Pagan Paths


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Paths Blogs

Specific paths such as Heathenism, blended traditions, polytheist reconstructionism, etc.

Posted by on in Paths Blogs

I’m Erin Lale, author of Asatru For Beginners, and this is my first post in my new Gnosis Diary. I’ll be telling the story of my personal gnosis journey from the beginning, starting with the next post, until I catch up with the current time.

I’ve been a sworn Priestess of Freya since 1989, and recently also became a bride of the triple Odin. I work with all the gods of the heathen pantheon. All my earliest spiritual experiences were with Native American land spirits and animal totem spirits, though. I did not know the heathen path was my path until I was 17.

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Posted by on in Paths Blogs
Into the Coven

As a Witch the goal for me has always been to work and practice in a coven. In twenty years of mostly Wiccan-style Paganism I’ve only truly been a part of a real, living, breathing coven a small handful of times. That’s not to say I’ve been a solitary for the majority of a my time as a Pagan, just that the groups and people I was working with didn’t quite meet the standard of a coven. The word coven means something to me, it has value, so I don’t like to use it lightly.

Most of my group ritual has taken place in ritual groups I generally label circles. These are usually eclectic gatherings of people without much (or any) adherence to any particular tradition or path outside of the basic Wicca-101 type books. I’ve had some truly amazing experiences in these types of groups, but with revolving door memberships most of them lacked cohesion. Just because something worked the one time didn’t mean we’d remember it for the next sabbat.

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Magic on the Altiplano/Aramu Muru, Peru: Part Two

I hopped into a boat and left the shore far behind. Ahead suddenly loomed a Uros Island, in Lake Titicaca, on top of the world, Peru. When I got to the island the water drew me in and I immediately wanted to dive into these out of the ordinary waters. When I emerged into the water I felt purified, cleansed and peaceful. This gigantic lake on top of the world was clear, pristine and most sacred.

As I relaxed into the unique floating island ambiance feeling divine, I chewed on totora reed and played with the children. Potatoes and eggs were served for dinner, the potatoes cooked in the putu, which was a small oven created for cooking potatoes.

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We make our destinies by our choice of gods. -- Virgil

In my last post, I wrote about the danger of trivializing the gods.  In this post, I want to discuss the danger of trusting them.

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Posted by on in Paths Blogs

Follow your heart, your conscience and your ka – your creative power – all your life. (11) The ka of a just man is a genuine creative energy and makes people rejoice. (22)

(from The Wisdom of Ptah-Hotep: Spiritual Treasures From the Age of the Pyramids, Christian Jacq) 

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I am a Jungian Neo-Pagan, which means that, theologically speaking, I fall somewhere between atheist Pagans and devotional polytheists regarding the existence of the gods.  By placing my beliefs in the "middle" here I do not mean to privilege my beliefs, only to make the point that I both agree and disagree with both groups about different things.  One thing I agree with devotional polytheists about is that the gods should be taken seriously.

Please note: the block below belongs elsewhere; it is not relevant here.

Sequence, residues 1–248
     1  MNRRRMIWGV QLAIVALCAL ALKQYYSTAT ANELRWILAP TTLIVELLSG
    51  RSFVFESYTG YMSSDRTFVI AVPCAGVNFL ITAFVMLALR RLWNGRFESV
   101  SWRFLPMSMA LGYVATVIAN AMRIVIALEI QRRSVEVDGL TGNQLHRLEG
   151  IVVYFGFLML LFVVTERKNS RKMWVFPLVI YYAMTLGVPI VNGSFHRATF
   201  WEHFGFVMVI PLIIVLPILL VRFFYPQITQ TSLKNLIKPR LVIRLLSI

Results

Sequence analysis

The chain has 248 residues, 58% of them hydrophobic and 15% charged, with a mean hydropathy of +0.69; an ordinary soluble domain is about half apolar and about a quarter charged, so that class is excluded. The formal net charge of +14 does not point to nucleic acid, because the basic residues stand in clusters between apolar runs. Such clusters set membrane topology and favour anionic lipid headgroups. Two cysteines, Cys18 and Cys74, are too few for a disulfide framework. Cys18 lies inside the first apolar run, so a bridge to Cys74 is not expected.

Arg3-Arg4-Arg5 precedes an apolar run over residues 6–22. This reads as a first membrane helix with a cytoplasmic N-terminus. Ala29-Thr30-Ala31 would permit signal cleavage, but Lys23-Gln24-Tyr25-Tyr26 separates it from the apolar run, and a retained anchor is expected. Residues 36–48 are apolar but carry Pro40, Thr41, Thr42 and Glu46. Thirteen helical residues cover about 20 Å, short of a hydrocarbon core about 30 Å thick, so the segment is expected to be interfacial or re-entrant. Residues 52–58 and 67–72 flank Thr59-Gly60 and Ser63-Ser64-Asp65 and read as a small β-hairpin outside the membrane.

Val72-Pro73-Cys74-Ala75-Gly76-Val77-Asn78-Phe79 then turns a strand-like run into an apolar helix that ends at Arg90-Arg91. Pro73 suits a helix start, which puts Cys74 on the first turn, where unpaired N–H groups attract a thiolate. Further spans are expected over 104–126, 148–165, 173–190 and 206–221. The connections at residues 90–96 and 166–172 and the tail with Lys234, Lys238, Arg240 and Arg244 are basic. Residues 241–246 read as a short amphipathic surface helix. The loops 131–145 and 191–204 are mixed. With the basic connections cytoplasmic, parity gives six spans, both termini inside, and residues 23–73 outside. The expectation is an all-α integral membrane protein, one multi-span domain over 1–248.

I worry sometimes that we Neo-Pagans don't take our own gods seriously enough.  I disagree with devotional polytheists about the metaphysical nature of the gods, whether they are "real, independent, sentient beings" or real, independent semi-conscious archetypes. (Carl Jung called the archetypes "gods" and compared the psyche to an “Olympus full of deities who want to be propitiated, served, feared and worshipped”.)  But one thing I admire about them is the seriousness (the "piety" if you will) with which they approach the gods.  

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One of my favourite Irish myths of all time has to be 'Cormac's Adventures in the Land of Promise.' In the story, the Otherworld goes to great lengths to get Cormac's attention, eventually luring him (or guiding him) into an Otherworld encounter. At one point he is shown a vision of a fountain with five streams flowing from it. The god Mannanàn mac Lir explains that what he is seeing is the Fountain of Knowledge, and the five streams are the senses through which knowledge is obtained. He adds that the 'Folk of Many Arts' are those who drink from both the streams (the senses) and the fountain (the source of knowledge).

In modern paganism, we enjoy the freedom to 'drink up' through the wonders of the senses, through time spent in nature, ritual, study, exploration and song. Drinking at the Source, however, can be a little tricker. How can we know if the things we are doing, sensing and experiencing are 'Celtic' or 'personal,' if the beliefs and concepts we are discussing are Celtic or from some other path (new or old), and if the ways in which we are expressing our inner experiences are in fact 'Celtic' at all?

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